Nothing has changed since the last time you checked Facebook

Ever since I watched this video where Simon Sinek talked about Millenials and our relationship with social media, I realized that I’m addicted to Facebook and it’s bad. In the past, I really did not understand the criticisms against social media. I even eagerly professed my love for Facebook. When I watched this video though, I was convinced that excessive use of Facebook can be detrimental. Aside from the obvious reason that it’s a time-waster, it also makes people addicted and dependent on social praise. In the long run, this can degrade one’s resilience against failure. Before I discuss those points, you can watch the video here:

We grow up in an environment where all of our actions receive social approval. If we eat something, we get a like, if we say something about our day, we get another like or even a comment, and so on. Will we ever do anything if we don’t get praised for it?

There’s also a biological/chemical reaction to this social approval. Sinek explains that every time we get a like, we get a surge of dopamine, which is a hormone linked with happiness. Sinek also says that dopamine is addictive because it’s the same high we get when we smoke, drink, and gamble.

So what do I make of all of this? I’m not going to completely quit Facebook. It’s a free tool that I can use to communicate with my friends. I like reading the articles that my friends share. There have also been many occasions when I got opportunities through Facebook (an editor saw that I loved American Idol so he made me write about it for a newspaper, another editor saw that I loved art so he invited me to write for them, etc).

However, I do want to lessen my use of Facebook. Every time I feel the itch to check Facebook, I tell myself: “Nothing has changed since the last time you checked Facebook”. It’s true. What could have changed since ten minutes ago? What’s so urgent that needs to be checked? The world will not end in 20 minutes. That friend who sent you a message can wait for a few days.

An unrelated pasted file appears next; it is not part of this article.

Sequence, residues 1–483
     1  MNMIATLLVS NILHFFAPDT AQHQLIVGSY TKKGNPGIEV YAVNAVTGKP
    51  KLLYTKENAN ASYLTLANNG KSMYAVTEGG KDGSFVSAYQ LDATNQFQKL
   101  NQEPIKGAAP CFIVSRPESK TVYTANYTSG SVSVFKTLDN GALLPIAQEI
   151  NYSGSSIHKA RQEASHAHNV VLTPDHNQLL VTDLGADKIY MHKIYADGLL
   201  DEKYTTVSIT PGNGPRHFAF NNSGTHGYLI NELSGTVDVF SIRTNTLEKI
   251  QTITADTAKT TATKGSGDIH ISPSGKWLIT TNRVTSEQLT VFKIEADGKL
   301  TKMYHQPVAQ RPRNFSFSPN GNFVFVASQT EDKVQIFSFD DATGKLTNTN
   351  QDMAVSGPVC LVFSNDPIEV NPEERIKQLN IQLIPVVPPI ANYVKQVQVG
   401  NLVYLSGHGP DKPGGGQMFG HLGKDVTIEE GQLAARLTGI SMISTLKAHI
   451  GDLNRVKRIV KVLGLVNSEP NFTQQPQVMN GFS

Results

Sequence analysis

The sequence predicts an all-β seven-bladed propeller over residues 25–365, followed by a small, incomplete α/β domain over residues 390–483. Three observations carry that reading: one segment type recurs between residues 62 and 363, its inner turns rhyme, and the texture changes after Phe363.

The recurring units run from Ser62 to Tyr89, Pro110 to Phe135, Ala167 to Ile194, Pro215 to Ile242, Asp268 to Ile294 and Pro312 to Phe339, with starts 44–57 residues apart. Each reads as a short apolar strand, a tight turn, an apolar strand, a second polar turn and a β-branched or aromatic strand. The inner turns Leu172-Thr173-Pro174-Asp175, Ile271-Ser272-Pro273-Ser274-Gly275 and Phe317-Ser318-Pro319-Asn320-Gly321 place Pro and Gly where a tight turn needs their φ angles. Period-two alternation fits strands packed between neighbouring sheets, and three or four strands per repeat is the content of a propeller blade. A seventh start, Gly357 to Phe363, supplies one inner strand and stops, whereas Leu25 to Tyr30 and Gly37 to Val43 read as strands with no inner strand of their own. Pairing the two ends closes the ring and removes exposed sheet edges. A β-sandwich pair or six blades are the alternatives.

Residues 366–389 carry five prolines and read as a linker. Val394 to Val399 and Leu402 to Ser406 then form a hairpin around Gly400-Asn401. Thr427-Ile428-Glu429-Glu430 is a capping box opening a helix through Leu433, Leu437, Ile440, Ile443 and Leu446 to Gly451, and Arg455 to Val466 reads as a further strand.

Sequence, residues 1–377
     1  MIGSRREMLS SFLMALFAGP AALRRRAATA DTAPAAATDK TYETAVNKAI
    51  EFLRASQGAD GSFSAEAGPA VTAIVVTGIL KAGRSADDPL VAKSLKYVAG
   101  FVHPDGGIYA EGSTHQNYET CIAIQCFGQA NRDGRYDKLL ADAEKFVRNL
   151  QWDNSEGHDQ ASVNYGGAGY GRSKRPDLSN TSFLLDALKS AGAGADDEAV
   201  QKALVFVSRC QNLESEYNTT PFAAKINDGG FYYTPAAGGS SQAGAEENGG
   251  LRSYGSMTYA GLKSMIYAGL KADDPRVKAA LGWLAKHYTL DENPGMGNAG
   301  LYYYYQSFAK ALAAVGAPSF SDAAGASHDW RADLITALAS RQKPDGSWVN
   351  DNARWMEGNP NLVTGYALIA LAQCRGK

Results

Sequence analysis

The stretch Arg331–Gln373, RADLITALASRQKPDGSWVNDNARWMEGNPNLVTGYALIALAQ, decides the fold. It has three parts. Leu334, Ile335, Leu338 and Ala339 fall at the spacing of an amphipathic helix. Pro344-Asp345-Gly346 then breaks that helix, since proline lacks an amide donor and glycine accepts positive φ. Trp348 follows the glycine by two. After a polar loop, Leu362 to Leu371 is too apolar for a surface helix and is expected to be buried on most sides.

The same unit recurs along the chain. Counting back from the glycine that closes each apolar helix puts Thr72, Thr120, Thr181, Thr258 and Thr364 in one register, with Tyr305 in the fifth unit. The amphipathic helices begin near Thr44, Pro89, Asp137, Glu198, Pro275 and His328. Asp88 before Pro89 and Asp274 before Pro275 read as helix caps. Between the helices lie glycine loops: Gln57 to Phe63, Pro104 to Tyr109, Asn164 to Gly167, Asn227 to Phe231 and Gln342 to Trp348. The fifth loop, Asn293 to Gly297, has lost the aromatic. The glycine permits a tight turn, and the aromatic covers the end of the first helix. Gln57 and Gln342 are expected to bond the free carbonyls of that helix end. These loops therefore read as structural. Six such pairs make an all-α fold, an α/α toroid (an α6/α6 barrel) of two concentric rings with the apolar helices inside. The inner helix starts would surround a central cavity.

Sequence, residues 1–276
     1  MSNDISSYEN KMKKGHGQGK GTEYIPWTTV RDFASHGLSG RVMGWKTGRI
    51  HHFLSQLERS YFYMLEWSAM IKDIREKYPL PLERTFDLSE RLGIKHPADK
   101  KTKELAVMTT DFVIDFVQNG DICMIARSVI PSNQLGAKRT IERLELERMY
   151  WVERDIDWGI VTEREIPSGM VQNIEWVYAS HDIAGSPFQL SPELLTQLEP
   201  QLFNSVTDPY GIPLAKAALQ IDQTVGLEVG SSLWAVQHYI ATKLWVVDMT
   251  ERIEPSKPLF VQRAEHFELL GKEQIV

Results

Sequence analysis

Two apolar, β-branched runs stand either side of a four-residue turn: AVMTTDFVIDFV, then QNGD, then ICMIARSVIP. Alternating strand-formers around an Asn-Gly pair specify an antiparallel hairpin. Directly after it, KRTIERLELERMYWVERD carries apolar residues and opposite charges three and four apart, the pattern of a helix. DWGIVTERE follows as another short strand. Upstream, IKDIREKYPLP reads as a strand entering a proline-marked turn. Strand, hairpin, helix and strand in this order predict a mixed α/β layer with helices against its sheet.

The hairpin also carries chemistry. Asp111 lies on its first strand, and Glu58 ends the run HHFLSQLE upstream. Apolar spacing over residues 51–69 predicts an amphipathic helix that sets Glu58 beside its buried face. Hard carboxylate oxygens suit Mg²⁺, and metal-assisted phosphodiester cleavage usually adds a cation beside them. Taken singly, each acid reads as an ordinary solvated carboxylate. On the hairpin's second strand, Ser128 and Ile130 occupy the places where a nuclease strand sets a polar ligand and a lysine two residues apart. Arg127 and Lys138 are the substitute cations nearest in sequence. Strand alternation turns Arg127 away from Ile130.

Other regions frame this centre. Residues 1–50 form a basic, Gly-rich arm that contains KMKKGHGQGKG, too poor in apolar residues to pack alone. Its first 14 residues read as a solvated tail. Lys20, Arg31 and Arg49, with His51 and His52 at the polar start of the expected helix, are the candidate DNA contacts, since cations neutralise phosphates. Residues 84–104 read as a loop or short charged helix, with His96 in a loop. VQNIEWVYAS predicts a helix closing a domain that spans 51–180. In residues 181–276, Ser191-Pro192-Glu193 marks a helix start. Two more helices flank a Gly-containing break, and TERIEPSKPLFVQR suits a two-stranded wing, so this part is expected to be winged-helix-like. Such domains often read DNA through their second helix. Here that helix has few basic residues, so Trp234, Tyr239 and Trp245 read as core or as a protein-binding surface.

So my resolution is this: I want to spend just 30 minutes each day on Facebook. I want to check Facebook only three times a day. In the future, I wish to only check Facebook once a week, but that seems ambitious. Right now though, I am struggling to keep my resolution. It’s more difficult than I thought it would be, but I’ll keep trying. Wish me luck!

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Note: For some entries in this blog, a few names and details have been deliberately and willingly changed by the author. This is a personal decision made by the author for specific reasons known to her and is not an endorsement for censorship.

All the opinions expressed in this page and in this blog are my own and do not represent the official stances of the companies, institutions, and organizations that I am affiliated with. I am a person. I’m not just a manifestation of corporate interests. I have an identity that is separate from my company because even if human beings are paid for a service by corporations, human beings are not owned by corporations. 

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2 thoughts on “Nothing has changed since the last time you checked Facebook

  1. Ditch your smartphone entirely. I’ve been working with a basic phone for some time now, and I don’t regret a single day “downgrading”.

    Having a broken smartphone worked wonders for me. No annoying notifications, no distractions, no crutches for social awkwardness. 😉

    Like

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